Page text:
Atlas F1 The F1 FAQ

  by Mark Alan Jones, Australia

Have a question about Formula One statistics or history? Well you're not the only one, and it's about time someone came up with the answers to Formula One's most Frequently Asked Questions. Send us your questions, to - we may not know everything, but we will sure make the effort to find out

These last two weeks have seen my inbox inundated with e-mails correcting me on an error from the last issue. Arrows is of course actually A.R.R.O.W.S originally. The team name was created in exactly the same manner as March was; as Alan Rees was involved in both teams perhaps the idea can be pointed at him. The name was formed from the team's original financier Franco Ambrosio "A", team manager Alan Rees "R", team principal Jackie Oliver "O", and the design team of David Wass "W" and Tony Southgate "S". An extra "R" was added to create ARROWS.

Also, twice since the FAQ forum was created there have been questions about the Tyrrell P34, and particularly about its unique four small front wheel set up. Simon Bull has made us aware that one of these is back racing again. Martin Stretton Racing in the US have restored Tyrrell P34 chassis no 6 (used by Ronnie Peterson in 1977) and are competing in the US Historic Formula One scene. For those interested in a peek, pop along to

"Sir! Do you know of any F1 virtual games that have the famous tracks of the world in their original configuration; ie Monza with the banking or San Marino with no chicanes? I think it would be fun to virtually race or test the modern era F1's on the most challenging tracks in their notorious con figs. Thank You Aloha, Woodii C"

A couple of examples spring to mind. The first is the benchmark of all racing sims "Grand Prix 2". While GP2 now looks a bit chunky and dated, it plays better than most more recent releases, and is rated as the most realistic to play in terms of setting up the cars and handling, etc. GP2 is also supremely customisable. It's relatively easy to replace the 16 tracks of season 1994 with a near infinite variety of circuits.

My own personal version of GP2 has had its trackset modified to include Mount Panorama Bathurst, Phillip Island, Brands Hatch, Laguna Seca, Osterrichring, Indianapolis and I'm currently in search of a full length version of Le Mans. I've also got car sets for every Formula One season back to about 1966, so I can go racing at Dijon while Gilles Villeneuve is trying to get past Rene Arnoux, or take the world championship in 1966 with Black Jack Brabham, or have Damon Hill winning the 1994 Australian Grand Prix, or introduce Jenson Button to Bathurst. There are old, 'unchicaned' versions of several of the classic circuits available. I'd recommend visiting the Atlas F1 Racing Simulators Forum for advice.

There is also "Grand Prix Legends". A more recent game, with the higher levels of graphics to go with it, it's a very different game. It's set in 1967, and the cars handle appropriately and race on the circuits of the era, like the original Spa-Francorchamps and the mighty Nurburgring Nordschlieffe. New circuits for the game are appearing, but its greater graphical complexity means this is slower in appearing.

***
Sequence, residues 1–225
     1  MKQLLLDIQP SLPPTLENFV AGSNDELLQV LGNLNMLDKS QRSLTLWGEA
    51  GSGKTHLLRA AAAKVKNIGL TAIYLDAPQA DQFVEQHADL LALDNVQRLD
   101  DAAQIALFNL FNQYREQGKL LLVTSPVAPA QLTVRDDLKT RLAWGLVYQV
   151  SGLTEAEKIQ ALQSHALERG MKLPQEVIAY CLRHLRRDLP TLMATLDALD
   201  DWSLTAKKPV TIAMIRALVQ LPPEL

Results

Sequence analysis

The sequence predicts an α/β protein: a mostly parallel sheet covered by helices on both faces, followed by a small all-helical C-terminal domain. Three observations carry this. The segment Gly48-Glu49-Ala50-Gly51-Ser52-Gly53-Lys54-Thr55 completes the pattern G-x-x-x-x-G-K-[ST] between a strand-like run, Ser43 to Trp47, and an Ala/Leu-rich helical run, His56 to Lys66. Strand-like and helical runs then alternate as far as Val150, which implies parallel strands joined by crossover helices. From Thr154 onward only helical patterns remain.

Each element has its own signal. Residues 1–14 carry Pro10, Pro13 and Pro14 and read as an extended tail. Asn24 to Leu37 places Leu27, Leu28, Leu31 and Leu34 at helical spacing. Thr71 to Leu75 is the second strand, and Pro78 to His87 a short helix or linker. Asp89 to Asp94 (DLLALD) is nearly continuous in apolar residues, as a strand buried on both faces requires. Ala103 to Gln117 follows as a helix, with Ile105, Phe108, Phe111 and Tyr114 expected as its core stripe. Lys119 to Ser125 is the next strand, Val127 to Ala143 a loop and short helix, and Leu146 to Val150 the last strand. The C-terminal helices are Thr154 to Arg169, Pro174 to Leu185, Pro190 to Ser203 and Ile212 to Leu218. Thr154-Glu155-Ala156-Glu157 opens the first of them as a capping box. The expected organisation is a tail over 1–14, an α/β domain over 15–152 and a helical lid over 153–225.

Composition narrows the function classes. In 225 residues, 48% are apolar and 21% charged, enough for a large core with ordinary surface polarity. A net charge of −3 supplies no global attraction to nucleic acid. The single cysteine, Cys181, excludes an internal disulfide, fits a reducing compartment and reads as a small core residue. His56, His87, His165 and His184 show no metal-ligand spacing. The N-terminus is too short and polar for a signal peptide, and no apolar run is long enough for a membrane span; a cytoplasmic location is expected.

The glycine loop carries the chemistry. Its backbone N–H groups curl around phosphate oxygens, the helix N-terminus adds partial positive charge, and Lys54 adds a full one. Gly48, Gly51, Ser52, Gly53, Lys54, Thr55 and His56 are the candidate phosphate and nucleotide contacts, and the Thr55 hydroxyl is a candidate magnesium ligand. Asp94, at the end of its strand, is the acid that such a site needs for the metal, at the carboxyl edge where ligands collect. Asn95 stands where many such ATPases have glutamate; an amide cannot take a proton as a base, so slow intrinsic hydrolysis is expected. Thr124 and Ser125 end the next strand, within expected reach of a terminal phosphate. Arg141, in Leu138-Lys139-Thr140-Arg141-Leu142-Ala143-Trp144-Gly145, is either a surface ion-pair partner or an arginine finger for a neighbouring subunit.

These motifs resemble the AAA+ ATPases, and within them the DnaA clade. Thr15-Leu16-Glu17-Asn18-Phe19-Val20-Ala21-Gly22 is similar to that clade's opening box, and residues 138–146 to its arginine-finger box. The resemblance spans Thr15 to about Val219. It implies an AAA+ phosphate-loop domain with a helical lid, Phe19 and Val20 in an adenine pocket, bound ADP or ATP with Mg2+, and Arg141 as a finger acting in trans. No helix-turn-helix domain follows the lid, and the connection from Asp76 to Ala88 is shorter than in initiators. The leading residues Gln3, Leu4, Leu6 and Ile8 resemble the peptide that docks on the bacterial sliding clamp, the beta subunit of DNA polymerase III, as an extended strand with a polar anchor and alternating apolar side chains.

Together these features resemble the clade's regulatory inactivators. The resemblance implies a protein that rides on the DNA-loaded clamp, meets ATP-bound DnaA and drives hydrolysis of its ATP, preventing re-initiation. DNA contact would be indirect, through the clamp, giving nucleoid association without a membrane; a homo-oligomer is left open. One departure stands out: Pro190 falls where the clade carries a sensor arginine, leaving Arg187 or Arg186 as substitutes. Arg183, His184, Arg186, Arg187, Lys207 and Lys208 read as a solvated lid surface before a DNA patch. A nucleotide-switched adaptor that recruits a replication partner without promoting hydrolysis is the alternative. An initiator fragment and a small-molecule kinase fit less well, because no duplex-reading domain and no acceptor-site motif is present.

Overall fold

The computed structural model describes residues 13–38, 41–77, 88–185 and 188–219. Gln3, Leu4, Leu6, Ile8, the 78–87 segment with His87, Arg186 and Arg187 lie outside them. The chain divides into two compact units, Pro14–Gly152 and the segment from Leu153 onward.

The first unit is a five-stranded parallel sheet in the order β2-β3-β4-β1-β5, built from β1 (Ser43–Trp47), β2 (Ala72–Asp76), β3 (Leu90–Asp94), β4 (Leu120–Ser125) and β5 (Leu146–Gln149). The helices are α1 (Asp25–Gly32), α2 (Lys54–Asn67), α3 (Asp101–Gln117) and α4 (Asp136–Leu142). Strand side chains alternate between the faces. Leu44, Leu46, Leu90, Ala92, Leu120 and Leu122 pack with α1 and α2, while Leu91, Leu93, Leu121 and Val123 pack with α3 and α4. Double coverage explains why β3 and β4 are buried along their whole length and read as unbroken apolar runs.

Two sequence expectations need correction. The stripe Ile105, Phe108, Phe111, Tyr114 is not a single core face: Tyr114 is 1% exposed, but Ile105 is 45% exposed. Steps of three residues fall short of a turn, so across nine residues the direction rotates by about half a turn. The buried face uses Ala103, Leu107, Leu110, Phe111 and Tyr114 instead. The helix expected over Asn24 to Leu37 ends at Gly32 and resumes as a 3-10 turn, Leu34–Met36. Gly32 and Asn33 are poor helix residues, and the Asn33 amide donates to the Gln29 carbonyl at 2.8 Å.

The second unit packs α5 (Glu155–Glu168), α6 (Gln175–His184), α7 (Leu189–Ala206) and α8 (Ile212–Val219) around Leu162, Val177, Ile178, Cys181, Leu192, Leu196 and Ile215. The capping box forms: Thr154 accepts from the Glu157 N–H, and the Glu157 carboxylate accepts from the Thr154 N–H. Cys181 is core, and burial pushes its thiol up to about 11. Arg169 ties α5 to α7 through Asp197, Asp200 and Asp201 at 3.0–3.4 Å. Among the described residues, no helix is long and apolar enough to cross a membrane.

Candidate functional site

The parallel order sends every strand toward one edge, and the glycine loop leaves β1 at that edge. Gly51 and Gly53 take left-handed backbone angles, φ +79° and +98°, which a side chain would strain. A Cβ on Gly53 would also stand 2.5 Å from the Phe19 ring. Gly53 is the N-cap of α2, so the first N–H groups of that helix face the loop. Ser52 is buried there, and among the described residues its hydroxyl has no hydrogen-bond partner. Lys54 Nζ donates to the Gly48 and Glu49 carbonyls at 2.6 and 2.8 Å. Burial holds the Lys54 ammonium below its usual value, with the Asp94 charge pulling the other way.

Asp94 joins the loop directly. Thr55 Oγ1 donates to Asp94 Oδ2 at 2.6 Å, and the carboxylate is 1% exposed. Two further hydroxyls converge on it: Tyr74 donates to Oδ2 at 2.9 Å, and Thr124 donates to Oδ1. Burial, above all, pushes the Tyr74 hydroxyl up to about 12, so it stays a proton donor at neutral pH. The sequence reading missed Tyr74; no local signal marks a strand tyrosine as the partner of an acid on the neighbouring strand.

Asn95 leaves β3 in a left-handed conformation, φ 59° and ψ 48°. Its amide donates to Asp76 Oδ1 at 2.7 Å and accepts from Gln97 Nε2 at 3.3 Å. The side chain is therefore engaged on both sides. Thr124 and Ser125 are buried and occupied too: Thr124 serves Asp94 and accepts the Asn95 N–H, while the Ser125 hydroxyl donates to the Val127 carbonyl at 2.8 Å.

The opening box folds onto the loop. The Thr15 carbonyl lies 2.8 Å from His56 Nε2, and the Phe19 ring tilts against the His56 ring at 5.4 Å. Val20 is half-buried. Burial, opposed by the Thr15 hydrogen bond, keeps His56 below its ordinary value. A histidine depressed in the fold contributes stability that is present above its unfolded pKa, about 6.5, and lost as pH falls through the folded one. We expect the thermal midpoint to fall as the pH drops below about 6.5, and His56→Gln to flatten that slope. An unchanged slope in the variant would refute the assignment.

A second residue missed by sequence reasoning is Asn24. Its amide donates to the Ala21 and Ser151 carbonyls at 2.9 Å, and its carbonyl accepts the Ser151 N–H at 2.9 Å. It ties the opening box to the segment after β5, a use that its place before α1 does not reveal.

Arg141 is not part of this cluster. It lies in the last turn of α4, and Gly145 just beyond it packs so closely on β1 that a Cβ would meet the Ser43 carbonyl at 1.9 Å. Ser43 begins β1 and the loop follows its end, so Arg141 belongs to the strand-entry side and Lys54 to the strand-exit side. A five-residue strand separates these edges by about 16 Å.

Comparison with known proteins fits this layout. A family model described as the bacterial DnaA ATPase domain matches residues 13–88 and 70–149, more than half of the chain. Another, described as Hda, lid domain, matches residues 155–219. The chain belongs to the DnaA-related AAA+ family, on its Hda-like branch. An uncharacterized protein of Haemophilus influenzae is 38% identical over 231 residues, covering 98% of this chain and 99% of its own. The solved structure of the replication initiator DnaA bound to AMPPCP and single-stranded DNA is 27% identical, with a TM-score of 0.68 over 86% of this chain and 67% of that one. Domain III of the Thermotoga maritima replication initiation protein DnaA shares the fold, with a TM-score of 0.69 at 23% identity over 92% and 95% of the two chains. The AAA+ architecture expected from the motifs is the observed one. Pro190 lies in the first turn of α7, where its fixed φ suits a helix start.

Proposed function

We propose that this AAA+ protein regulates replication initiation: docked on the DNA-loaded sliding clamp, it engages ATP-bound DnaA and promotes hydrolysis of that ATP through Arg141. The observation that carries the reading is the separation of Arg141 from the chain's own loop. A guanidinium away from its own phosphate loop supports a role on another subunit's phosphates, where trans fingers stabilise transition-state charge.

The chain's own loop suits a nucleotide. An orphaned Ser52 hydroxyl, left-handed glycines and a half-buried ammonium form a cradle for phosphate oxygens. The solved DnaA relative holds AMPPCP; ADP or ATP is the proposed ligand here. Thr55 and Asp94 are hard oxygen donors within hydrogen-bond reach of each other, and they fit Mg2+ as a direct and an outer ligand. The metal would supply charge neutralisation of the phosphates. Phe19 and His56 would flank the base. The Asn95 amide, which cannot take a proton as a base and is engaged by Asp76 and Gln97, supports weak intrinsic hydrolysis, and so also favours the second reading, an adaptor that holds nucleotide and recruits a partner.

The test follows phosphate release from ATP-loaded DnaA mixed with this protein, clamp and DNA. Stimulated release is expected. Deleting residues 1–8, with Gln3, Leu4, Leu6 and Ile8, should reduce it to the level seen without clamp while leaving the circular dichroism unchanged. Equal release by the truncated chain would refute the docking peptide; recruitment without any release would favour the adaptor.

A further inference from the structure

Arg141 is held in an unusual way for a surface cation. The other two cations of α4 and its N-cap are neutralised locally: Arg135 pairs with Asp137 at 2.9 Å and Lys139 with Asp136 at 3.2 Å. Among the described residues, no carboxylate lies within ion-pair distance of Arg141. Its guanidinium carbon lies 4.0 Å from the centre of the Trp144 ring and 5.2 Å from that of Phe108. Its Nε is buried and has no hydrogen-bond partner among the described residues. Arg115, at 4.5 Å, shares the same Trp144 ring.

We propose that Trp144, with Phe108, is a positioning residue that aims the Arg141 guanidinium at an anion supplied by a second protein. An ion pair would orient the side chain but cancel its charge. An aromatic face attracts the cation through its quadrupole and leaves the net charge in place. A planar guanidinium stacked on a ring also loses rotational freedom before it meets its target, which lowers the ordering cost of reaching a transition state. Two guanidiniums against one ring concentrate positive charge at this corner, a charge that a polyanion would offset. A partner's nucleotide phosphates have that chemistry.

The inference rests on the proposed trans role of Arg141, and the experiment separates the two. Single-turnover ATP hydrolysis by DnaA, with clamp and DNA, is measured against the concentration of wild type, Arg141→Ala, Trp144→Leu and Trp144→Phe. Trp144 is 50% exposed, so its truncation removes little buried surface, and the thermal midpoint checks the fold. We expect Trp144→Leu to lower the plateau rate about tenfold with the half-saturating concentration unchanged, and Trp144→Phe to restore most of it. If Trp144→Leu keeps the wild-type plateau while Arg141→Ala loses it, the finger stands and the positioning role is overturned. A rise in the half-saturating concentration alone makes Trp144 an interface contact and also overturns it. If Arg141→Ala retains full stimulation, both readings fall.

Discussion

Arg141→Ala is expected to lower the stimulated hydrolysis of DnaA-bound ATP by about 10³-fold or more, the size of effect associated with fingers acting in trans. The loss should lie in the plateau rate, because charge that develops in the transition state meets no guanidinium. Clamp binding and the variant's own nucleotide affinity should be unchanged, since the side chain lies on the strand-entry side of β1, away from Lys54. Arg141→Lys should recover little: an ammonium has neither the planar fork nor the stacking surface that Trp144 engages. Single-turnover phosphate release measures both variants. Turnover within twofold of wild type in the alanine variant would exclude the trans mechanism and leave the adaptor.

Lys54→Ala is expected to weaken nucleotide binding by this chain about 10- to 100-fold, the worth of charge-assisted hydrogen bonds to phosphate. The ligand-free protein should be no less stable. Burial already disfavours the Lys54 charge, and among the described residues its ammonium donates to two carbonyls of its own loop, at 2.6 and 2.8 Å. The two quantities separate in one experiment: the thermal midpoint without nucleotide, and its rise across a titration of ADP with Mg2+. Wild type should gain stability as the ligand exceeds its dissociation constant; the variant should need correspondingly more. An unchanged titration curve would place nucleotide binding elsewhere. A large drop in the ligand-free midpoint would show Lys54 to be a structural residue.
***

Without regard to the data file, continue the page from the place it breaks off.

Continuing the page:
"Why was Keke Rosberg disqualified twice from second place in 1982 and 1983? thanks a lot Roger T."

The first Finnish world champion did receive a pair of disqualifications from second place, both from the Brazilian Grand Prix at Jacarepagua. The first was in the traumatic 1982 season, the season of Rosberg's championship. It was the first time Rosberg had driven at the pointy end of the field after a couple of seasons with small teams and a disappointing South African Grand Prix. Rosberg diced with Nelson Piquet for second place for much of the early running. It became a firm second place after Rosberg started to fade and race leader Gilles Villeneuve spun off. Alain Prost in one of the turbo-charged Renaults was third.

However, the results were later clouded by the war going on in the sidelines between FOCA, who were representing the 3 litre naturally aspirated cars, and FISA, who were representing the manufacturers-backed teams, which included all the turbo cars, but also curiously the V12 Alfa Romeos. A loophole in the rules allowed the naturally aspirated teams to refill their water cooled brake reservoirs between the race finish and the weigh-in, thus effectively allowing them to run underweight during races, legally.

At the following race, the United States Grand Prix West, Ferrari protested the ruling in an interesting manner. They ran a car with two rear wings for Gilles Villeneuve and Didier Pironi. The second wing was mounted horizontally in line with the first, and just behind it and offset to the right, providing a wing much wider than normal. Villeneuve finished third and was disqualified for the wing. That was the last straw for Enzo Ferrari and the Brazilian Grand Prix result was appealed in the FIA Court of Appeals. The court decided to close the loophole about the brake reservoirs, retroactively. Thus, several weeks later, Piquet's Brabham and Rosberg's Williams were removed from the race's classification sheets. The FOCA teams responded to this by boycotting the next race, the San Marino Grand Prix. That then linked into a whole series of other issues which Don Capps covered more fully in his series of articles on the 1982 season in "The Rear View Mirror" column.